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The deep roots of Libya's psychology of violence

For more than four decades, Libya's self-declared 'Brother Leader,' Muammar Qaddafi, has waged a brutal form of psychological warfare against his own people, analysts say. Rebel forces have also been shaped by that violent history.

Libyan soldiers and militiamen loyal to Muammar Qadaffi showed they had control of part of Tripoli Street in the rebel-held city of Misratah, Libya late last month.

Scott Peterson/Getty Images

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The video clip ran late at night on Libya’s state-run TV with a warning: not suitable for children.

It was a gruesome scene that appeared to show an antigovernment mob beating the dead body of a Col. Muammar Qaddafi loyalist in the rebel bastion of Benghazi.

Such visceral imagery has long defined political discourse in Libya. The roots of extreme violence stretch back to the colonial period under Italian rule. But from the earliest years of his reign, Colonel Qaddafi has employed violence – from assassinating dissidents abroad to killing opponents at home – to sow fear among Libyans and warn against dissent.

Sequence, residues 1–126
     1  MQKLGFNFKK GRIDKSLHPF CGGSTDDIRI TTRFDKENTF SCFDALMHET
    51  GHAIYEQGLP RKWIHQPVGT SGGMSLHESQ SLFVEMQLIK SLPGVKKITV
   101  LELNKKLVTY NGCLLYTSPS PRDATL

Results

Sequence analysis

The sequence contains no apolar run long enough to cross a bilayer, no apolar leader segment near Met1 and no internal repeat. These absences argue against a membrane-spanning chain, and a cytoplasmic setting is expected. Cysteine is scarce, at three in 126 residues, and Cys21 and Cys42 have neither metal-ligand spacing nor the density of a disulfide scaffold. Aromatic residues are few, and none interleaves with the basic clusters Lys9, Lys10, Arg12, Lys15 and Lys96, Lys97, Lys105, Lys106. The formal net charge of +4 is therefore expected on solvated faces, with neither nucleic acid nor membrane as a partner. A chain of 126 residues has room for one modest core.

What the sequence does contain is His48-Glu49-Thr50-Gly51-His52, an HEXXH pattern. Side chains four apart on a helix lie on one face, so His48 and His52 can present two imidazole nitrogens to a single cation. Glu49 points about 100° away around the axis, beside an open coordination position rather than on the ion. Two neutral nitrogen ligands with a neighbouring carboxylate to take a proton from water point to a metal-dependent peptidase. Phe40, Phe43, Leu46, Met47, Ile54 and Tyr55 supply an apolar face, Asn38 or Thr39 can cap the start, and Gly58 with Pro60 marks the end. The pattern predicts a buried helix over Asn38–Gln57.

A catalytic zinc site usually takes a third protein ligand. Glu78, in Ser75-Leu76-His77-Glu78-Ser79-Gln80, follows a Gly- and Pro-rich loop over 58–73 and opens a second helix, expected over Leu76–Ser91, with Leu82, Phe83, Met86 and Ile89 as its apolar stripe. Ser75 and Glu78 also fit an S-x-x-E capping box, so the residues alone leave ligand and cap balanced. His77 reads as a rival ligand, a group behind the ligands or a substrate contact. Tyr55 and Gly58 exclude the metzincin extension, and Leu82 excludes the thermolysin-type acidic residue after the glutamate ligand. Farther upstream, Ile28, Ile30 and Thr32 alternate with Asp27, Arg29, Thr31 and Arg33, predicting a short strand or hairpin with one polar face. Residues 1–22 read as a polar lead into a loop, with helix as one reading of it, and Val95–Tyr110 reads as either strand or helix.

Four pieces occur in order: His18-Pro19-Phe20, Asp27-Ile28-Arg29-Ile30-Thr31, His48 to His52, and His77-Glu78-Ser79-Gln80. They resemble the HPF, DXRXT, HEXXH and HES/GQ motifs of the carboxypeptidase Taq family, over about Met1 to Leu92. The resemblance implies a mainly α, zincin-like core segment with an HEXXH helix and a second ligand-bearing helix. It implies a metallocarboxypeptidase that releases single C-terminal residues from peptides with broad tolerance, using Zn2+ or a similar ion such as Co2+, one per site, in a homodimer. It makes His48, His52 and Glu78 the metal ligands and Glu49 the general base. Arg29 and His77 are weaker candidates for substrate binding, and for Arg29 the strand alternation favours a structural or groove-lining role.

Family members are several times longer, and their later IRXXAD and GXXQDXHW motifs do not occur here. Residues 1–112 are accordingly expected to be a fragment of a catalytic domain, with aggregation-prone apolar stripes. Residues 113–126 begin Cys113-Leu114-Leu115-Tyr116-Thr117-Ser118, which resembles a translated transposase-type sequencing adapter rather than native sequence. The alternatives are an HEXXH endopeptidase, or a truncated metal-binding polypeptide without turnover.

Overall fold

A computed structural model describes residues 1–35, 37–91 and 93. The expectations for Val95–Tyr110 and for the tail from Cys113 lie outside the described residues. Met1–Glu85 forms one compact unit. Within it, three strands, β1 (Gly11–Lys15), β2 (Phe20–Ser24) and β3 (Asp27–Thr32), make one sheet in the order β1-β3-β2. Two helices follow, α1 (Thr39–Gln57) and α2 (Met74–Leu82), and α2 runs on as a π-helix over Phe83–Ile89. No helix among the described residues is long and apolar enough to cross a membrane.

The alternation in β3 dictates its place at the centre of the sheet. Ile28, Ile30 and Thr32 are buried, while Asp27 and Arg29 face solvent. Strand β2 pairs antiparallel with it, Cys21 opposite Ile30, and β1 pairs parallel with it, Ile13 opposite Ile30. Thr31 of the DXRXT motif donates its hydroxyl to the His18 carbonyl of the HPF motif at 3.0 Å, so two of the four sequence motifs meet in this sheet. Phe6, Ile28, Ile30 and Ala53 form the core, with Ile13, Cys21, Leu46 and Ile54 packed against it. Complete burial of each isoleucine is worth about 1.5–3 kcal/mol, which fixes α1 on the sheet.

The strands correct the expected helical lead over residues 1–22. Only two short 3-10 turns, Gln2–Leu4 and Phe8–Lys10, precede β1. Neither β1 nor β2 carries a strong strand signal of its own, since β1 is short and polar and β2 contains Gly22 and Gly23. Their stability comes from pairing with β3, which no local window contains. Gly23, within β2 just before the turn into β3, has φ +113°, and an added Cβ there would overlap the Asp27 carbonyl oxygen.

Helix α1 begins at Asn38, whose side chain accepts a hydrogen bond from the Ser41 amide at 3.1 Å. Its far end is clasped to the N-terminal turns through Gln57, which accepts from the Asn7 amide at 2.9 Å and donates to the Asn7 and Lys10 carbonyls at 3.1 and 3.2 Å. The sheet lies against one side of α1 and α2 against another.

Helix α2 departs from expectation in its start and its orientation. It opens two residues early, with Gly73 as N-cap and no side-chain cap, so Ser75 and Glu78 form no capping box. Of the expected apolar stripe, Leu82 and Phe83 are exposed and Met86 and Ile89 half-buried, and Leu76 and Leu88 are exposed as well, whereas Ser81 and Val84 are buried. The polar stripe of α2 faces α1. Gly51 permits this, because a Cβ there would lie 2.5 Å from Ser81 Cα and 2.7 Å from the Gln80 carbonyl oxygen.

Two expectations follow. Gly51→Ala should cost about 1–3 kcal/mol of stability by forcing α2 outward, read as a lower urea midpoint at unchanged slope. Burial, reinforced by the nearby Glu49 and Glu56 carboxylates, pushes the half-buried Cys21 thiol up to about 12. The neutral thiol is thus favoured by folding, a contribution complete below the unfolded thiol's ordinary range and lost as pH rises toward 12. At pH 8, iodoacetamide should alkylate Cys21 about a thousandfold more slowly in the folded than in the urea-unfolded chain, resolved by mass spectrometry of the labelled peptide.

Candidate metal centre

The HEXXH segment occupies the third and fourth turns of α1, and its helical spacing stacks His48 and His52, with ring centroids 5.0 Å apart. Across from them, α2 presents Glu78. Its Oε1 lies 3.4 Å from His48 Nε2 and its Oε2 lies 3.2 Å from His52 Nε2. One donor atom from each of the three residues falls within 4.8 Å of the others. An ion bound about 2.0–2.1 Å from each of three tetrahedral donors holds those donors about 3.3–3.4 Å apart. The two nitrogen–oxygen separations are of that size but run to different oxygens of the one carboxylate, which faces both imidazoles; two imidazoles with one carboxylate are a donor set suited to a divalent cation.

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For more than four decades, the self-declared “Brother Leader” has waged a form of psychological warfare against his own people, analysts say. And taking what he believes to be the lessons from the recent dictator-toppling revolutions in Tunisia and Egypt, Qaddafi today continues to use brutal images to undermine the rebellion, which he consider a personal affront to his near-perfect rule that must be tackled with “no mercy.”

The rebel forces, shaped likewise by that violent history, know the power of persuasion achieved with propaganda gore, and spread their own version.

“Our country is different from others in the world,” says a Libyan professional in Tripoli who could not to be named for security reasons. “Here [people] are welcoming. But if you touch them [aggressively] even a little bit, they will pound you in response.”


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